Leah McGrath Goodman’s exposé about the real (?) Satoshi Nakamoto has sent the Internet and Bitcoin community buzzing. The two month investigation revealed that Satoshi Nakamoto is a 64-year Japanese American with a background in classified military engineering and loves collecting model trains. He is a humble man who lives with his mother in Temple City, California and drives a beat up Toyota Corolla.
However, Goodman received a smorgasbord of reaction from the digital folks; and perhaps, the most vocal about this is chief Bitcoin scientist Gavin Andresen who, in his Twitter handle said that he now regrets talking to the journalist. “I’m disappointed Newsweek decided to dox the Nakamoto family,” he said on Twitter. Dox is an Internet jargon for revealing one’s identities.
On Reddit’s subforum dedicated to Bitcoin, reactions vary from fascination, anger and disbelief. One commenter said that Newsweek “didn’t bother to respect his privacy at all.” Another one said that the “article reveals so much about him that he’s now easy to find.”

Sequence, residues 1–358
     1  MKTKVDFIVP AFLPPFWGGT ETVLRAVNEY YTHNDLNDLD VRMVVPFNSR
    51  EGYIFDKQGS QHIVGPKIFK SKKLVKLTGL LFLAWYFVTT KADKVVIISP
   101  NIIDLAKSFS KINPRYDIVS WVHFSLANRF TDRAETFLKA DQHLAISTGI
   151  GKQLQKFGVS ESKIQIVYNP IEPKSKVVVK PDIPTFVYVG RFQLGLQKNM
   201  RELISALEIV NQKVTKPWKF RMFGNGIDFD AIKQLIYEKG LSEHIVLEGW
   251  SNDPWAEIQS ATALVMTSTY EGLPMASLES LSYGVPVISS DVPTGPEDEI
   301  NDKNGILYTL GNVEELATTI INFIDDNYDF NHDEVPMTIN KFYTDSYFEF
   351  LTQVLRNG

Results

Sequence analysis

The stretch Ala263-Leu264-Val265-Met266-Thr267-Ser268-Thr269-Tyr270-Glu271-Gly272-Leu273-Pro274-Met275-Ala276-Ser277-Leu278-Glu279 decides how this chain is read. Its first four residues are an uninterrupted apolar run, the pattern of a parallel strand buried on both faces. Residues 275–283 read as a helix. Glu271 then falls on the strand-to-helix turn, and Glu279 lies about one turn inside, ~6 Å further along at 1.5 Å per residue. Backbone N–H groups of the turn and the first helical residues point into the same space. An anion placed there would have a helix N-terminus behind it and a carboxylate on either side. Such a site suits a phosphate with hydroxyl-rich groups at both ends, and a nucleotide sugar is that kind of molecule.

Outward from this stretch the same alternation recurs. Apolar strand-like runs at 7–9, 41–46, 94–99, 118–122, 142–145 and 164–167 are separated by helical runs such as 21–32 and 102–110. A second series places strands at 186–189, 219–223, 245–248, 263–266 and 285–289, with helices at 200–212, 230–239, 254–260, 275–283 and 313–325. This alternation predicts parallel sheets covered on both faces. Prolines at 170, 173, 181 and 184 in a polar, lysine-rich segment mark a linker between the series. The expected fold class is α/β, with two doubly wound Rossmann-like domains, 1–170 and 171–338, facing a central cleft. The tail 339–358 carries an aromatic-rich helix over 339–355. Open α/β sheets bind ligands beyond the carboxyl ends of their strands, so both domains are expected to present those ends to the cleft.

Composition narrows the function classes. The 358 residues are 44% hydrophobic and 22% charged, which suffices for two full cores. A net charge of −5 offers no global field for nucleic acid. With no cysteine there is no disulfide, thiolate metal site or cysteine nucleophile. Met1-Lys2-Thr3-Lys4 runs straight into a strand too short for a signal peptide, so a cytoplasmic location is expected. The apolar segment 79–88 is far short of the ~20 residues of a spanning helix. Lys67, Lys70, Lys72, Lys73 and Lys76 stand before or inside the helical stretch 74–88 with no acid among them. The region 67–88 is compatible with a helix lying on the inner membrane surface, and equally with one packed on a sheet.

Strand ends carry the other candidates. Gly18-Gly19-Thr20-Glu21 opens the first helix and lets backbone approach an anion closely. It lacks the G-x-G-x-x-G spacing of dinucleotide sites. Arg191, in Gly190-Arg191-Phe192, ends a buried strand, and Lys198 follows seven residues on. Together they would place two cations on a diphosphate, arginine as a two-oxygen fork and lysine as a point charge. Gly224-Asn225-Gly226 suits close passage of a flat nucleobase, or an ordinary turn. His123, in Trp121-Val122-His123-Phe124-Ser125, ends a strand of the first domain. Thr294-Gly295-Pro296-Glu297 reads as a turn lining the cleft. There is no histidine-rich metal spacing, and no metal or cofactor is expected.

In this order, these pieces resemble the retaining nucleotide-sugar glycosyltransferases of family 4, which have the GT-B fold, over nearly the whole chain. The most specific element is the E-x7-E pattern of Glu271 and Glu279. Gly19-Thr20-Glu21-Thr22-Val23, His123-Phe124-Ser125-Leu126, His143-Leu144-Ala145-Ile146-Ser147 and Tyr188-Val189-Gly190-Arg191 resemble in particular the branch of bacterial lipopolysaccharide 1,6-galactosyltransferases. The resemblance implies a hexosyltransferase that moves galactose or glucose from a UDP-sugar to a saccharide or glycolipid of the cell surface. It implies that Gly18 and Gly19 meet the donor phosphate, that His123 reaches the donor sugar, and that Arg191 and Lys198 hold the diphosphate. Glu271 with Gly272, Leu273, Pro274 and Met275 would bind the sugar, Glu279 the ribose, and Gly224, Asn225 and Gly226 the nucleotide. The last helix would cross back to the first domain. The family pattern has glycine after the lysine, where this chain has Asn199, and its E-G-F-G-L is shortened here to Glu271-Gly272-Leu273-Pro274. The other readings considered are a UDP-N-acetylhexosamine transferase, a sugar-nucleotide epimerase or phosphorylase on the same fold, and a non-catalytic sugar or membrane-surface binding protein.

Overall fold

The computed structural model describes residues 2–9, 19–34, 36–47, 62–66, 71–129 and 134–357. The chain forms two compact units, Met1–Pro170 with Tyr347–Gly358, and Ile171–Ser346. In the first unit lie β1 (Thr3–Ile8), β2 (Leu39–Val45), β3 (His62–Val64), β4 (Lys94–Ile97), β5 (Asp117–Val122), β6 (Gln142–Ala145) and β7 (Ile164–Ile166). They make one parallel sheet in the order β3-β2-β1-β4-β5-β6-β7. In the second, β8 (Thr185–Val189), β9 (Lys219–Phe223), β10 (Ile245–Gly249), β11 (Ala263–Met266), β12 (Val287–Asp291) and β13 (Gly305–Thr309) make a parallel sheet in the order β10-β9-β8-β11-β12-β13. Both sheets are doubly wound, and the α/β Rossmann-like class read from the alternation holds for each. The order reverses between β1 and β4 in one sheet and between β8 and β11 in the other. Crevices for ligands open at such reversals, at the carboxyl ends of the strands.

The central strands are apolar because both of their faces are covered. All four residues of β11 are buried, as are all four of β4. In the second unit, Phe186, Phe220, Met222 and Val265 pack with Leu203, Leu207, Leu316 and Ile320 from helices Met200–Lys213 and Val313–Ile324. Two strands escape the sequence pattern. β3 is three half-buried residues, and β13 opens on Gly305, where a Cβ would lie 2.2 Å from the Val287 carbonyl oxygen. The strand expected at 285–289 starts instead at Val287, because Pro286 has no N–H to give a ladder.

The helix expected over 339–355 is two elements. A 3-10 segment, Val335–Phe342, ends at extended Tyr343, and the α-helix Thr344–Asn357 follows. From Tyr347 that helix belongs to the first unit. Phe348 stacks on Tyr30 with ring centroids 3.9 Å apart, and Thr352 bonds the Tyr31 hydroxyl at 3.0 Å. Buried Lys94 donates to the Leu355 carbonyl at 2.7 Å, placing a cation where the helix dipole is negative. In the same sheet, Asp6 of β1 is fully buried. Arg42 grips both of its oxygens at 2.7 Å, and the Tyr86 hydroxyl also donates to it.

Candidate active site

Despite these comments, prominent Bitcoin personalities are still in denial about the discovery. Charlie Shrem, the former CEO of BitInstant is sceptical about Goodman’s report and believes that the real Nakamoto is still out there. He said told CoinDesk that he finds “it hard to believe that a guy who’s name is Dorian Nakamoto who went sooo far, farther than anyone I know to hide is (sic) anonymity, signed messages with PGP, used a throw away email address, avoided all emails about his personal like, worked for the US government, would use his REAL name on potentially the most groundbreaking technological innovation of our time.”
Newsweek’s piece on the identity of Satoshi Nakamoto elicited mixed emotions in Bitcoin communities and social media. No matter what people think about this, one thing is for sure, it hasn’t affected the network protocol and bitcoin’s value.